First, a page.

Shareholders own stock in a company, which entitles them to a share in the firm's profits. The more shares investors own, the greater the dividends they will receive. Companies state the income that each individual share brings in terms of a stock's earnings per share (EPS). This value, which determines the dividends that shareholders receive, depends on the total income available to shareholders, and the number of outstanding shares.
1. Subtract from the company's net income the value of the preferred dividends. This amount includes income owed to parties separate from the common shareholders. For example, if the company has a net income of $500,000 for the year and has promised a fixed annual dividend of $50,000 to preferred stockholders, then calculate $500,000 - $50,000 = $450,000.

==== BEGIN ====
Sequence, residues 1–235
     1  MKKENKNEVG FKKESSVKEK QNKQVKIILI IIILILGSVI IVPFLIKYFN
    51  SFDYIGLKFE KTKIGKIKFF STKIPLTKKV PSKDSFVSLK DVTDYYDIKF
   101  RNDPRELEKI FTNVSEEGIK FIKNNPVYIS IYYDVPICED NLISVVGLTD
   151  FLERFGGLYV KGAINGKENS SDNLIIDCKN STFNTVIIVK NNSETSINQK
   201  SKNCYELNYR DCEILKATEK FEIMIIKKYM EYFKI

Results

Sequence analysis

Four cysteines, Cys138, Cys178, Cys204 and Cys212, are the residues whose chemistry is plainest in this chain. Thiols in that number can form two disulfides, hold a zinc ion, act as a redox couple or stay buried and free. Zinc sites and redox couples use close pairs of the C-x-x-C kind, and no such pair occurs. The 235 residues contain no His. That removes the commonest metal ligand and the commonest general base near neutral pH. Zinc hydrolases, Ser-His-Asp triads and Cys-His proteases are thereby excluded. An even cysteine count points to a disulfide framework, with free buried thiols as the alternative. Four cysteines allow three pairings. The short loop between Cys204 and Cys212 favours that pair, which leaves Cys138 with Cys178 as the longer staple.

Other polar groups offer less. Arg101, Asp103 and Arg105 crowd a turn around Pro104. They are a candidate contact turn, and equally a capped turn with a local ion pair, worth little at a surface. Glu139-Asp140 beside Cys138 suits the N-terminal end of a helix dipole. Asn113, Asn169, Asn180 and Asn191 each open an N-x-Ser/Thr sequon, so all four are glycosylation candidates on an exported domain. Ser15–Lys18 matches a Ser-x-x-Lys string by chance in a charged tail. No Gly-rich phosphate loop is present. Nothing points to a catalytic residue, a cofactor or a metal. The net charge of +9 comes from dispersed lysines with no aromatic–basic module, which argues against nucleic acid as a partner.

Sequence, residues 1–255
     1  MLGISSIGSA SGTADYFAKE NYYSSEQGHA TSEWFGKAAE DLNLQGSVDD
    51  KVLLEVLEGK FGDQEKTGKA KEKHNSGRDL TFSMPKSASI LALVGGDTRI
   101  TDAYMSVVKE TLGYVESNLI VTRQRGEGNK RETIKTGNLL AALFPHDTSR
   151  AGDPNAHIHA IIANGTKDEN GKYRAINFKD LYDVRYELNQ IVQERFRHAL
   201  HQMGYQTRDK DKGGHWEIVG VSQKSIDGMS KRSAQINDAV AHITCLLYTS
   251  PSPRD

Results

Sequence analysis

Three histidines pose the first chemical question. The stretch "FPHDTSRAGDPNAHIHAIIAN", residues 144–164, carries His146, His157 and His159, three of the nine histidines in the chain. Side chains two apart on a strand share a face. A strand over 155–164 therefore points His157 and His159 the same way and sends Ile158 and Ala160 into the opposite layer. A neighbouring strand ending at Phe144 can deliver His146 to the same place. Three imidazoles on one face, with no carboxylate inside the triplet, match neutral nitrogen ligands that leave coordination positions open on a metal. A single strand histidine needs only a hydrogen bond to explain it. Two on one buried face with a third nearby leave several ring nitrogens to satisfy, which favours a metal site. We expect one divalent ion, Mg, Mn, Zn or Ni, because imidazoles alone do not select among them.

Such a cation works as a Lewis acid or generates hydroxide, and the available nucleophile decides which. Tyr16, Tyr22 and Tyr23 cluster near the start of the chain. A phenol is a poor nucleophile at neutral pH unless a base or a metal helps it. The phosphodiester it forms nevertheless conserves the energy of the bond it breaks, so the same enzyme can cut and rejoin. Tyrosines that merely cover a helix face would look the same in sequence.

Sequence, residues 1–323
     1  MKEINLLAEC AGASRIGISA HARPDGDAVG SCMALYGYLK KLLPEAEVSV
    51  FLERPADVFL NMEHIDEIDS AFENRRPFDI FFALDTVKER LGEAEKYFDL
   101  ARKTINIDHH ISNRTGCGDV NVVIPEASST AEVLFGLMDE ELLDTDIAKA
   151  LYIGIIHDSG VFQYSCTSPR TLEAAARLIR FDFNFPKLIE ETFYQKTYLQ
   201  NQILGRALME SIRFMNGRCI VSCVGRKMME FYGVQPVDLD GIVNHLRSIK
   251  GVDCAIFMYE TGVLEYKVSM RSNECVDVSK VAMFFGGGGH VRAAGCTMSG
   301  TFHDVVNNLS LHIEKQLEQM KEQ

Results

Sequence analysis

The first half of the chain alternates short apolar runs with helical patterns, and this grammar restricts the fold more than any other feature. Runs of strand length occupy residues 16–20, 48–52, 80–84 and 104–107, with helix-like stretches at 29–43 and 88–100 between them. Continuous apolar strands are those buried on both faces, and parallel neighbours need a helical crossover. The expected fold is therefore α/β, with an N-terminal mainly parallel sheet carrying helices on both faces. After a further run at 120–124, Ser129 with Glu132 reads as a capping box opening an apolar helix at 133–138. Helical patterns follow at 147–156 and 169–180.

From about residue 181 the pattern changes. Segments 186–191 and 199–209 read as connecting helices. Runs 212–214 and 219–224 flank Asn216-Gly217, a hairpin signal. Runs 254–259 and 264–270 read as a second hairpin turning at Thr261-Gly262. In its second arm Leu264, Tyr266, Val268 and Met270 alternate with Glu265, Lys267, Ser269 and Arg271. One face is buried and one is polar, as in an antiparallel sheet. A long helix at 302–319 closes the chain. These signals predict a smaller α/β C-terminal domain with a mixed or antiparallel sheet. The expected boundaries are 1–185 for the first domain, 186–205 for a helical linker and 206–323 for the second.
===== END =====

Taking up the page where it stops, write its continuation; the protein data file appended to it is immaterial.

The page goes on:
2. Divide the total earnings distributed to common shareholders by the number of outstanding shares. For example, if the company has issued 50,000 shares, then $450,000 ÷ 50,000 = $9. This is the earnings per share.
3. Multiply the earnings per share by the number of shares that an investor owns. For example, if an investor owns 100 shares: $9 × 100 = $900. This is the value of the dividends that the company owes the investor.
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